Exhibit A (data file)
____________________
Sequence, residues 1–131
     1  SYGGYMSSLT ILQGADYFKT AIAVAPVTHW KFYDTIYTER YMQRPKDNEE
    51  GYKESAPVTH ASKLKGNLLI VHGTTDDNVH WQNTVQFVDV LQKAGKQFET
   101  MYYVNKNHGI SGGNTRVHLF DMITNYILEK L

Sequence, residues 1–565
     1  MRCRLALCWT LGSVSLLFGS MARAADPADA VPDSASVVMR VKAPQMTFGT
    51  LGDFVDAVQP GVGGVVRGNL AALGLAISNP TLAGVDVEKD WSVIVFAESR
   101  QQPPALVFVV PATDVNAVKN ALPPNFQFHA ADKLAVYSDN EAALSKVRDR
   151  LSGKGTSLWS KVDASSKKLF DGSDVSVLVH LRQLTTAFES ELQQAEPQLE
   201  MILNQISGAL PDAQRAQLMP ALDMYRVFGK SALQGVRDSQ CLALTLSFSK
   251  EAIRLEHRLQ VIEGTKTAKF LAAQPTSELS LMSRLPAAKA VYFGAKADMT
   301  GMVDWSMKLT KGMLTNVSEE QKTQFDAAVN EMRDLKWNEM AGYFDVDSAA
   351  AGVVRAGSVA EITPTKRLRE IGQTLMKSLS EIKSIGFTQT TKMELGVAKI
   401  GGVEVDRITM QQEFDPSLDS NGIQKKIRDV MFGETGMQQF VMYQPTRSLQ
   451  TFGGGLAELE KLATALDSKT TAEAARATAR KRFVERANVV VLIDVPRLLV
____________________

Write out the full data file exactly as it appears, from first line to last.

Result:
Sequence, residues 1–131
     1  SYGGYMSSLT ILQGADYFKT AIAVAPVTHW KFYDTIYTER YMQRPKDNEE
    51  GYKESAPVTH ASKLKGNLLI VHGTTDDNVH WQNTVQFVDV LQKAGKQFET
   101  MYYVNKNHGI SGGNTRVHLF DMITNYILEK L

Sequence, residues 1–565
     1  MRCRLALCWT LGSVSLLFGS MARAADPADA VPDSASVVMR VKAPQMTFGT
    51  LGDFVDAVQP GVGGVVRGNL AALGLAISNP TLAGVDVEKD WSVIVFAESR
   101  QQPPALVFVV PATDVNAVKN ALPPNFQFHA ADKLAVYSDN EAALSKVRDR
   151  LSGKGTSLWS KVDASSKKLF DGSDVSVLVH LRQLTTAFES ELQQAEPQLE
   201  MILNQISGAL PDAQRAQLMP ALDMYRVFGK SALQGVRDSQ CLALTLSFSK
   251  EAIRLEHRLQ VIEGTKTAKF LAAQPTSELS LMSRLPAAKA VYFGAKADMT
   301  GMVDWSMKLT KGMLTNVSEE QKTQFDAAVN EMRDLKWNEM AGYFDVDSAA
   351  AGVVRAGSVA EITPTKRLRE IGQTLMKSLS EIKSIGFTQT TKMELGVAKI
   401  GGVEVDRITM QQEFDPSLDS NGIQKKIRDV MFGETGMQQF VMYQPTRSLQ
   451  TFGGGLAELE KLATALDSKT TAEAARATAR KRFVERANVV VLIDVPRLLV